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High impact ~nsm Proceedings of a Russian-A~,erican Workshop Committee on Confronting Terrorism in Russia Office for Central Europe and Eurasia Development, Security, and Cooperation Policy and Global Affairs National Research Council In cooperation with the Russian Academy of Sciences NATIONAL ACADEMY PRESS Washington, D.C.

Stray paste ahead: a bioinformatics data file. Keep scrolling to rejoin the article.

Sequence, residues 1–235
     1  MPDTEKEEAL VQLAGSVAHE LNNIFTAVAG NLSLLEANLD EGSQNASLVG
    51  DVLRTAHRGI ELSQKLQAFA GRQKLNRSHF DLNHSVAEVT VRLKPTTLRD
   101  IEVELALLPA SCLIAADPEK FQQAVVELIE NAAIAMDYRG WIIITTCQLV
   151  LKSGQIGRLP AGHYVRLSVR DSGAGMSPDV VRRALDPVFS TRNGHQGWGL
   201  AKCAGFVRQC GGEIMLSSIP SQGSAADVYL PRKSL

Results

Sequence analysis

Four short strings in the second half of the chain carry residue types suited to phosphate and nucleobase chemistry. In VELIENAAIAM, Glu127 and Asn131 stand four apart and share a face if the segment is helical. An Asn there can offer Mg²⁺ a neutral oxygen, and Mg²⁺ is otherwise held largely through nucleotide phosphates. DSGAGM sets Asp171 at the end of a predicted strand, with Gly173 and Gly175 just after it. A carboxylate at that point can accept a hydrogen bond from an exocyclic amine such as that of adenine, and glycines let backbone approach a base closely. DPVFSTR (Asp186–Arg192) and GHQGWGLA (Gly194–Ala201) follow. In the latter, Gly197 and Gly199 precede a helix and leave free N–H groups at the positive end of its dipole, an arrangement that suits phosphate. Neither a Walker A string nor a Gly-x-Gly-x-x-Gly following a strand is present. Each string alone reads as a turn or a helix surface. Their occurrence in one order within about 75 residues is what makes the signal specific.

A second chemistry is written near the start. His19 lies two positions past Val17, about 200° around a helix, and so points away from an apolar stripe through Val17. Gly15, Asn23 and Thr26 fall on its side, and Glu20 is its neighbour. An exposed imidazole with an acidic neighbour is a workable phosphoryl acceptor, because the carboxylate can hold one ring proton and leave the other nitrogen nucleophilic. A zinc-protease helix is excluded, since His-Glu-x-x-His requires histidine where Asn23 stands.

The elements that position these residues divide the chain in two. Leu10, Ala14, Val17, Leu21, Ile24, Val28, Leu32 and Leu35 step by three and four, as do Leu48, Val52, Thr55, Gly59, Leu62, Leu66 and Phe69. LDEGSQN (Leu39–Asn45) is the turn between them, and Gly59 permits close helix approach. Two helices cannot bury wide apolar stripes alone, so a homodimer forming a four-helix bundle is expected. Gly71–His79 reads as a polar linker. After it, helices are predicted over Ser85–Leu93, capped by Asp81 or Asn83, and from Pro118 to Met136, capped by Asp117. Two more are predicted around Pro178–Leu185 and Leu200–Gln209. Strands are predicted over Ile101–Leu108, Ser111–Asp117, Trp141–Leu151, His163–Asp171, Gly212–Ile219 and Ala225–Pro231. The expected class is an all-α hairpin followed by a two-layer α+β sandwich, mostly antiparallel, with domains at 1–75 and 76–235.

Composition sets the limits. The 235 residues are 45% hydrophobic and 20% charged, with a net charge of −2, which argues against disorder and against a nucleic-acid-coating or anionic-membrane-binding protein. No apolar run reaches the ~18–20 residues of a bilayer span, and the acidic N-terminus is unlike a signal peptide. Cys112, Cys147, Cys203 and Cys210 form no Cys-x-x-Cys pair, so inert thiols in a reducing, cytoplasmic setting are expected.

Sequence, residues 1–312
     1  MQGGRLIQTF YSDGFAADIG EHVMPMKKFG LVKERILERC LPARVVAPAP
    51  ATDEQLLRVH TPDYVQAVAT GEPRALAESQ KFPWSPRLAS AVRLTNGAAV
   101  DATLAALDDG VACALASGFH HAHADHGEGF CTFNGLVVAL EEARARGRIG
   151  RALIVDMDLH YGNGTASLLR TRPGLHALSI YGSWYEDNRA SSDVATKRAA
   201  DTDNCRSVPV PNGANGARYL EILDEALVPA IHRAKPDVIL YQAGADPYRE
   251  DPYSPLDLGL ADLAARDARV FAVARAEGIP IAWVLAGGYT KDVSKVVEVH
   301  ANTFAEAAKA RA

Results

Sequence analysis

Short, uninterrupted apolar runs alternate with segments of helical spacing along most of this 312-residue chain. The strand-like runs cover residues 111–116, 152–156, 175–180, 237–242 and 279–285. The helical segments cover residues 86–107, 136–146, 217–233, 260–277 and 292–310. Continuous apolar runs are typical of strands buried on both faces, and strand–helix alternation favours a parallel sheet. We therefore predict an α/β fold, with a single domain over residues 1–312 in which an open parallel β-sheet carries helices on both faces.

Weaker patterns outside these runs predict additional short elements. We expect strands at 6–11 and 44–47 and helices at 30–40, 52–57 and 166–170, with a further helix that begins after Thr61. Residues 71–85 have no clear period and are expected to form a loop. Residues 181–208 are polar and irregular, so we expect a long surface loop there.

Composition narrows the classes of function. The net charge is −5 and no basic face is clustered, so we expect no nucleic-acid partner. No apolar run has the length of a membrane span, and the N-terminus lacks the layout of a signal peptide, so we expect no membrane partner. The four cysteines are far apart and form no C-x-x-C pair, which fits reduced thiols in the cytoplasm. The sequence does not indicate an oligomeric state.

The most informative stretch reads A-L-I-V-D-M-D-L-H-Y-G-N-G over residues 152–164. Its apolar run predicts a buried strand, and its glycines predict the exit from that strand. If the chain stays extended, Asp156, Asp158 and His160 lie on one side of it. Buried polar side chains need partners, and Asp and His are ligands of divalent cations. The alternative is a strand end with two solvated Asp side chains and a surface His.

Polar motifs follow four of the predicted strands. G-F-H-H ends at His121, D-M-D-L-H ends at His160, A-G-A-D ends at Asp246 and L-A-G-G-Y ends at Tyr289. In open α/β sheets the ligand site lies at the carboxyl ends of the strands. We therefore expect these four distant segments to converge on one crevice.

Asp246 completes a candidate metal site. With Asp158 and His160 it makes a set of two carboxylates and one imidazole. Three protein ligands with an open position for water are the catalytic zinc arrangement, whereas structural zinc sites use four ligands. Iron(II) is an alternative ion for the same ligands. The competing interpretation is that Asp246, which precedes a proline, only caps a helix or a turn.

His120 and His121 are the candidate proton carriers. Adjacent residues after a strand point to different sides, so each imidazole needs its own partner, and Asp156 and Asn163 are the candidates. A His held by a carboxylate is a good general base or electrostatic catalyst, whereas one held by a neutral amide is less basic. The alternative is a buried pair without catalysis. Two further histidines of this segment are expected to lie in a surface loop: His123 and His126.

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NATIONAL ACADEMY PRESS 2101 Constitution Avenue, N.W. Washington, DC 20418 NOTICE: The project that is the subject of this report was approved by the Governing Board of the National Research Council, whose members are drawn from the councils of the National Academy of Sciences, the National Academy of Engineering, and the Insti- tute of Medicine. The members of the committee responsible for the report were chosen for their special competences and with regard for appropriate balance. This study was supported by Grant No. B7075 between the National Academy of Sciences and the Carnegie Corporation of New York. Any opinions, findings, conclu- sions, or recommendations expressed in this publication are those of the authorts) and do not necessarily reflect the views of the organizations or agencies that provided support for the project. International Standard Book Number 0-309-08270-6 Library of Congress Catalog Card Number 2002102001 A limited number of copies of this report are available from: Development, Security, and Cooperation National Research Council, FO 2060 2101 Constitution Avenue, NW Washington, DC 20418 Tel: (202) 334-2644 Additional copies of this report are available for sale from: National Academy Press 2101 Constitution Avenue, NW, Lockbox 285 Washington, DC 20055 Tel: (800) 624-6242 or (202) 334-3313 (in the Washington metropolitan area) Internet, http://www.nap.edu Printed in the United States of America Copyright 2002 by the National Academy of Sciences. All rights reserved.